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Story Writing Tips: Getting Stories from Clients

Award-winning writer Kathy Widenhouse has helped hundreds of nonprofits and writers produce successful content and has gained 600K+ views for her writing tutorials. She is the author of 9 books. See more of Kathy’s content here.

A Word Wise reader wrote in with this question:

“How do I go about getting stories from clients? I understand that stories are powerful and that I need to use them whenever I can.

But sometimes, a small business owner or a nonprofit provide very little information or examples (even when I ask the right questions).”

For the record, I've run into this problem more than once.

The good news is there are a few ways you can get around it.

First, Understand What Is Going On

3 tips for getting stories from clients to write features with Word Wise at Nonprofit Copywriter

Most of the time, leaders and small business owners are not being deliberately ornery. The truth is that most of them want to give you what you need.

But the reality is that they

1) simply have very little time and

2) may not know that they need to collect stories or

3) they don’t have a story-collection system in place. If a client isn't trained to have his or her antenna up to capture stories or if they are pressed for time, then it's easier for them to say, "We don't have any stories" or to put you off in some other way. 

This creates a bit of a problem when you are on a deadline to give them engaging content.

Regardless of what a client may say, the fact is that there are always stories within an organization. You can teach clients to start looking for them, even if they don't know you're doing so. (Someday they will thank you because they DO need stories.)

And resist the temptation to kick and scream. Instead, remember that honey always catches more bees than vinegar. In other words, play nice. Be understanding and gracious. Then go about getting what you need in a different way than simply asking for it directly.

Tips to Use for Getting Stories

1. Listen

One route I always take for getting stories is to just get the client to talk. I ask the client to tell me about their programs and the people they are impacting. Most leaders love to talk about their work!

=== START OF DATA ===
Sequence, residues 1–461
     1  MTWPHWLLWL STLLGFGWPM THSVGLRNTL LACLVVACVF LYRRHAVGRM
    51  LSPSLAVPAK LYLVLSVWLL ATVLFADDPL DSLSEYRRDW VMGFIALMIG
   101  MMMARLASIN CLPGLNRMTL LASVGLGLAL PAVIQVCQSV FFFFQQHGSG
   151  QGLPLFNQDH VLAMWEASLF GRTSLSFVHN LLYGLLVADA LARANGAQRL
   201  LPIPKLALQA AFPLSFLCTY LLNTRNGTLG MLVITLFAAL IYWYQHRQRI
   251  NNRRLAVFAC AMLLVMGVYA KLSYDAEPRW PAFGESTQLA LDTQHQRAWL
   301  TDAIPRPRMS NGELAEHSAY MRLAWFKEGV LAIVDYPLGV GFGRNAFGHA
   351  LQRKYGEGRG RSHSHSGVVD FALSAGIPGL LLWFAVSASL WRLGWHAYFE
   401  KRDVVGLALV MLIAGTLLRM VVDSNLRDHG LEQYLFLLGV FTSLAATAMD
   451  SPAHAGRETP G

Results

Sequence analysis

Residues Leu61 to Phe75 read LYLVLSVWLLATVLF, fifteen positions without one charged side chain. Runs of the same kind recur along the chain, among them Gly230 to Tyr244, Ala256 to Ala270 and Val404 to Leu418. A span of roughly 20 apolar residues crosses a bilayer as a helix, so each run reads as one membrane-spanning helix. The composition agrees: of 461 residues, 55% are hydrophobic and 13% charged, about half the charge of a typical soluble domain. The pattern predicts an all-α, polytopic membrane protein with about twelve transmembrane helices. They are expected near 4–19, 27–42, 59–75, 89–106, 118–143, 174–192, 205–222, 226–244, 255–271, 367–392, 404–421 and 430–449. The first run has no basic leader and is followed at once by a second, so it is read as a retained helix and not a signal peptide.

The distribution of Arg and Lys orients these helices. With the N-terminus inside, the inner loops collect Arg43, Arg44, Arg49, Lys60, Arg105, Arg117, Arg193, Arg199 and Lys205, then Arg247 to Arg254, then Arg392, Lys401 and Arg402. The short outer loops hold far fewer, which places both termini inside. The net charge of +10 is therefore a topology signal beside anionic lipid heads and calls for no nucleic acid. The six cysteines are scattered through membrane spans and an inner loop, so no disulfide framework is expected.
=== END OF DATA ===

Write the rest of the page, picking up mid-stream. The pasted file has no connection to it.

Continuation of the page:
Then, I listen.

Usually this leads the client to tell me a story (even though they don't realize they are doing so.) For instance, if an organization runs an after school program, ask about the tutors and the children they are working with. See what names pop up. Ask a few leading questions to get more. A great line to use: "That's exciting (interesting, unusual, awesome.) Can you tell me more about that?"

This tactic accomplishes a couple of things. First, you get info that you need. But also, this approach establishes you as a partner. You show that you care about the client's work and are interested. You can see why leaders would love to work with writers like this. You're not just asking for information so you can get the job done ... you also become a part of the "team" because you share their passion and want to hear about their great work. Their victories become your victories, too.

2. Study Past Promotions

Another option for getting stories is to ask to see the organization's past promotions (which I always do, anyway, and I ask which ones were the most successful.)

Look for the stories in those promotions and re-write them, changing the names and specific circumstances. Edit in sensory details. You might consider combining one or more scenarios into a composite. Confidentiality requires that you change names and identifying characteristics, anyway, as a way to protect the organization’s beneficiaries.

3. Research

You can also research the organization’s target population and then write a story about a beneficiary represented by that population.

For instance, let's say you're writing for a nonprofit that serves at-risk children in Baltimore. You research to find out all kinds of statistics and information about Baltimore children who are in poverty; whose parents are substance abusers; whose parents are incarcerated; who are hungry; who qualify for services but don't access them because they don't know how or don't know that services are available.

Then you can write an informed profile about a "for instance" beneficiary, describing the human need: "Tyrone creeps past the open bedroom door, hoping his mother doesn't hear him ... hoping she can't hear how loud his stomach is rumbling. If she awakens, he is afraid of what might happen ... there are xxxx Tyrones in Baltimore and we serve xxx just like him each week." 

Stories are there. You may need to be creative to get them. But you’re a writer and you can do that.

Power Up Your Writing with Stories

Use stories to power up your writing with Nick Usborne’s 21 instructional videos, Selling With Stories.

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